Thomas D. Isern's Blog: Willow Creek: A Writing Journal

November 12, 2019

The Great Plains in American Agricultural History

In the works: a Wiley anthology, A Companion to American Agricultural History, edited by R. Douglas Hurt. I've signed on to write the chapter, up to 8000 words, on the Great Plains. My work will synthesize the standard knowledge on the subject but also introduce some non-standard interpretations drawing on my own previous work or work in progress. In general, I propose to treat the region as an agricultural center rather than a hinterland.

I mentioned yesterday that I also am writing a chapter on wheat for a handbook of world agriculture. These are both pretty heavy works, but they are situated at the intersection of my major interests in the history of agriculture and the Great Plains. Both, too, will feed directly into the course in the world history of agriculture that I will debut in January.
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Published on November 12, 2019 05:21

November 11, 2019

Pacing Dakota: The Audio Book

Previously noted in this column: "Don't look now, but quite soon, North Dakota State University Press will announce release of its first audio book, on the Audible platform: Pacing Dakota, voiced by the author. Watch this space, as well as the NDSU Press Facebook age, for word about this."

And so it happened. Released 6 November 2019 as an Audible audiobook. Unabridged, voiced by the author, produced by Amanda Watts. Available at Amazon - search and you will find both the hardback and the audiobook listed.

I also wrote earlier, "In a future post, too, I will write about the process of producing the Audible edition of Pacing Dakota." Later this week, I expect.
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Published on November 11, 2019 18:17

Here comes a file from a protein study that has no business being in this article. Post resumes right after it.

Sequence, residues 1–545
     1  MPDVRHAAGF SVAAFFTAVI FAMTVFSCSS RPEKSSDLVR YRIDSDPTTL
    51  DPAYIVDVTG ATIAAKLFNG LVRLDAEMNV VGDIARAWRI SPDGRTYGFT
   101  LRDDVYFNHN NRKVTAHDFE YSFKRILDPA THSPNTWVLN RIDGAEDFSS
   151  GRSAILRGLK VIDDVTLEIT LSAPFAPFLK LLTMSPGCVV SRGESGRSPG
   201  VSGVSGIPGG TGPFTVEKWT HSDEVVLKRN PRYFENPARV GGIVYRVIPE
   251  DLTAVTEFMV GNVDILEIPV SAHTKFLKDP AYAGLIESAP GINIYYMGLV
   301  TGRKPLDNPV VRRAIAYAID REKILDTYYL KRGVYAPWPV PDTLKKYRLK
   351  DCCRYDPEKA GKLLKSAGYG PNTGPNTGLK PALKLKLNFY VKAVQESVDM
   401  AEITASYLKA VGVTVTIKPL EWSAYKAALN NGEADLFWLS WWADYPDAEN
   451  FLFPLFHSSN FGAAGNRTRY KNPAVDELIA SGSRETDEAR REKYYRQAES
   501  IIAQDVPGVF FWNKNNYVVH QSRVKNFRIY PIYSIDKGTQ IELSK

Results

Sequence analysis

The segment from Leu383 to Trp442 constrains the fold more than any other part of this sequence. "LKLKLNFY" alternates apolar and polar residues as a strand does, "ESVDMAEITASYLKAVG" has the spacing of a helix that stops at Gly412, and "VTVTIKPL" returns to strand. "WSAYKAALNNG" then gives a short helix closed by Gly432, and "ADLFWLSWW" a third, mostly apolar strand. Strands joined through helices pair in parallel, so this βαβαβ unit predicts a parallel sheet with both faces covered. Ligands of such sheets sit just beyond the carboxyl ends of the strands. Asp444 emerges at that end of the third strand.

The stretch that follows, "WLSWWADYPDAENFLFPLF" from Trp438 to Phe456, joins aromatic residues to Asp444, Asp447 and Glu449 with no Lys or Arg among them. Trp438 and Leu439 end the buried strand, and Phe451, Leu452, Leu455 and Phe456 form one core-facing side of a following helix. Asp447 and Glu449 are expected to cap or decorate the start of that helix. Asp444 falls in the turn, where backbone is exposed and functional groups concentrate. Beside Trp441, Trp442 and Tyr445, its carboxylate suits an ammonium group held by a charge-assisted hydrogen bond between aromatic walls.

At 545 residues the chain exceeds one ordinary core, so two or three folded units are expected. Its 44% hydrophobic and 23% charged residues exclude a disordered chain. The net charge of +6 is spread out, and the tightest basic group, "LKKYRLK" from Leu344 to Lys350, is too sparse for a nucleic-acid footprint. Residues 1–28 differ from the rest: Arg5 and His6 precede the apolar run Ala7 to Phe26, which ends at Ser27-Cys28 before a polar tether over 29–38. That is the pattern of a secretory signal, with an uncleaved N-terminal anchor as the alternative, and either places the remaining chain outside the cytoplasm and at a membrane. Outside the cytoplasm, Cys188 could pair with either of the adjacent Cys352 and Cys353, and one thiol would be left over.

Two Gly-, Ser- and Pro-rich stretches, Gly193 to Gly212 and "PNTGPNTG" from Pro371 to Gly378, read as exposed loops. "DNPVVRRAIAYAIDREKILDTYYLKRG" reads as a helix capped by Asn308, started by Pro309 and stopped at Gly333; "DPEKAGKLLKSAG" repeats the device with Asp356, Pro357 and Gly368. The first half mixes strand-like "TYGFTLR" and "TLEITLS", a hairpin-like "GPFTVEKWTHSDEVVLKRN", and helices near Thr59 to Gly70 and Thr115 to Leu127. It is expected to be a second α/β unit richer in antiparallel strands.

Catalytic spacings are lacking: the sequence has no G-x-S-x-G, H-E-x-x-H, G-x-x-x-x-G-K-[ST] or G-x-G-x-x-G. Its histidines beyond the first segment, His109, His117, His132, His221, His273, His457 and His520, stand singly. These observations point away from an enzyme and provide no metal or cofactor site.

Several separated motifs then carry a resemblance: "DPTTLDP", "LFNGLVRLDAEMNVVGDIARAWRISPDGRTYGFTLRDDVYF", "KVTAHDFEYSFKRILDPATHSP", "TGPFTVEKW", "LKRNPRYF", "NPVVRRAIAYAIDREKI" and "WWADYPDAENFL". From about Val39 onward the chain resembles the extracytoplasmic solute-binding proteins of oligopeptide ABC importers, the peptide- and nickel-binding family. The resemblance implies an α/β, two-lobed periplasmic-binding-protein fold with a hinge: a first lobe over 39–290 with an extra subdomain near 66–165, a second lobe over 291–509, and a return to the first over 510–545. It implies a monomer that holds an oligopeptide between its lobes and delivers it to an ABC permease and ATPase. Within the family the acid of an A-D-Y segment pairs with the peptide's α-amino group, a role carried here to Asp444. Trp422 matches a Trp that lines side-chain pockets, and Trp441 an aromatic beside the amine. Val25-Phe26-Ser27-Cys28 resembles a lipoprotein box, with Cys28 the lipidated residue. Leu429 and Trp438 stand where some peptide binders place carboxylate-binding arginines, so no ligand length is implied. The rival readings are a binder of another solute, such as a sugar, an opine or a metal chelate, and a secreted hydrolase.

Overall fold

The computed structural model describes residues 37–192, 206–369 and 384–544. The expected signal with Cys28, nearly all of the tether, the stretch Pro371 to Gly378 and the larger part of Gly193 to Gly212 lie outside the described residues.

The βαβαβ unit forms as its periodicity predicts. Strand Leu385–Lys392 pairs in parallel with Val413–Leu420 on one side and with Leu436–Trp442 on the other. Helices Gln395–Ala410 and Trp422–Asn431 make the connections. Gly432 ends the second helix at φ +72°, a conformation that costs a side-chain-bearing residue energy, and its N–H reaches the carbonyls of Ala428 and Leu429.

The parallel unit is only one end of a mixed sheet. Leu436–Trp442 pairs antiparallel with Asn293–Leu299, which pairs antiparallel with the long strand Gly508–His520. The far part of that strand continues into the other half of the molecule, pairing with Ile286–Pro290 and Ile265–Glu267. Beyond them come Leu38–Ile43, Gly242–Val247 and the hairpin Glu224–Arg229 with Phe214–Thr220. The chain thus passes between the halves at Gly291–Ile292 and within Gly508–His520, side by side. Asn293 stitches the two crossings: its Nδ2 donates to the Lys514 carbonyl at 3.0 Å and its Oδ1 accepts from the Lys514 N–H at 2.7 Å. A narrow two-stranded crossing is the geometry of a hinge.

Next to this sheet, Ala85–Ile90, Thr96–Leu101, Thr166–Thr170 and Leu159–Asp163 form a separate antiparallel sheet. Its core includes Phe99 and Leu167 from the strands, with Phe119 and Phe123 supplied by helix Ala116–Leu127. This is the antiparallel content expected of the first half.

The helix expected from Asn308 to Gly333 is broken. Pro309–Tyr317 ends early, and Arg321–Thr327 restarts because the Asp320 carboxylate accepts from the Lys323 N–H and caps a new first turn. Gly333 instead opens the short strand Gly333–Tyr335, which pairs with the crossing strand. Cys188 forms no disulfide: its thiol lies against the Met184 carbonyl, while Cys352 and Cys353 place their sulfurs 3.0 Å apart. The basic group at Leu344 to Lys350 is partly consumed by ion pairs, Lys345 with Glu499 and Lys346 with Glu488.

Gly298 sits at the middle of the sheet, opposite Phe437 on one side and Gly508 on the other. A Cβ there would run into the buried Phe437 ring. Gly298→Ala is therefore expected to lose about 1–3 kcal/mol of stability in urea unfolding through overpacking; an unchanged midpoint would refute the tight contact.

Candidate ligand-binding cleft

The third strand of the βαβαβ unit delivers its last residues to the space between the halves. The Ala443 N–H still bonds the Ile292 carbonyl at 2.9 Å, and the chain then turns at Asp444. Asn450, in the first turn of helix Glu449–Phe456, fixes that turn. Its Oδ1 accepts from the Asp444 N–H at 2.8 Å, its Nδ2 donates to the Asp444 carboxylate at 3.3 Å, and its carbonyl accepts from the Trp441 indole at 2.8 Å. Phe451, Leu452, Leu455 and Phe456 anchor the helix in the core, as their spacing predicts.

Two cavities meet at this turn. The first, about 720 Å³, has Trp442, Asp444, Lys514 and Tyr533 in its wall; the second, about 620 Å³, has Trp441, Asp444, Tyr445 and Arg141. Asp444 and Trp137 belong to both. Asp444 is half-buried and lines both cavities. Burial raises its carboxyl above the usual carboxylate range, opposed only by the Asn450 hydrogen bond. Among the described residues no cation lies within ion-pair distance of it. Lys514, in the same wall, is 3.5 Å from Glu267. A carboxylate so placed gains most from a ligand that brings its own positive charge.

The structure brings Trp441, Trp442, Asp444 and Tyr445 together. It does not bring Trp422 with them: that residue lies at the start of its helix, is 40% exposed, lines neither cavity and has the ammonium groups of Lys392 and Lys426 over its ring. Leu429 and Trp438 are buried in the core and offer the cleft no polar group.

The History of the Human Race in 5000 Words

This afternoon I signed a contract with Oxford to write a book chapter on the agricultural history of wheat, in 5000 words. For giggles, then, I looked up the entry for "Wheat" in my 4-volume edition of the Cyclopedia of American Agriculture, 1907, edited by Liberty Hyde Bailey. It begins, "Wheat is a plant of vast economic importance, widely distributed over the civilized world and having a history coincident with that of the human race." Oh, well, that ought to be easy to cover in 5000 words.
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Published on November 11, 2019 17:19 Tags: agricultural-history, wheat

September 30, 2019

Pacing Dakota: Going Audio

Don't look now, but quite soon, North Dakota State University Press will announce release of its first audio book, on the Audible platform: Pacing Dakota, voiced by the author. Watch this space, as well as the NDSU Press Facebook age, for word about this. In a future post, too, I will write about the process of producing the Audible edition of Pacing Dakota.
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Published on September 30, 2019 06:35

May 13, 2019

Awards for Pacing Dakota

Just added the following to the Goodreads description of Pacing Dakota: "Pacing Dakota has won the 2019 gold medal (a.k.a. an IPPY) for midwestern nonfiction from the Independent Publisher Book Awards and is the 2019 award winner for western nonfiction from the Independent Press Book Awards." This may be a little confusing. Two different competitions with similar names: Independent Publisher Book Awards and Independent Press Book Awards. Pacing Dakota won its category in each. Thanks to NDSU Press for producing such a handsome book and putting it into position to win. Explaining these awards, I have been saying this is not the equivalent of going to the Final Four. The Big Five publishers are not in these competitions; they are for independent and university presses. So it's more like going deep in the NIT.
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Published on May 13, 2019 08:54

April 30, 2019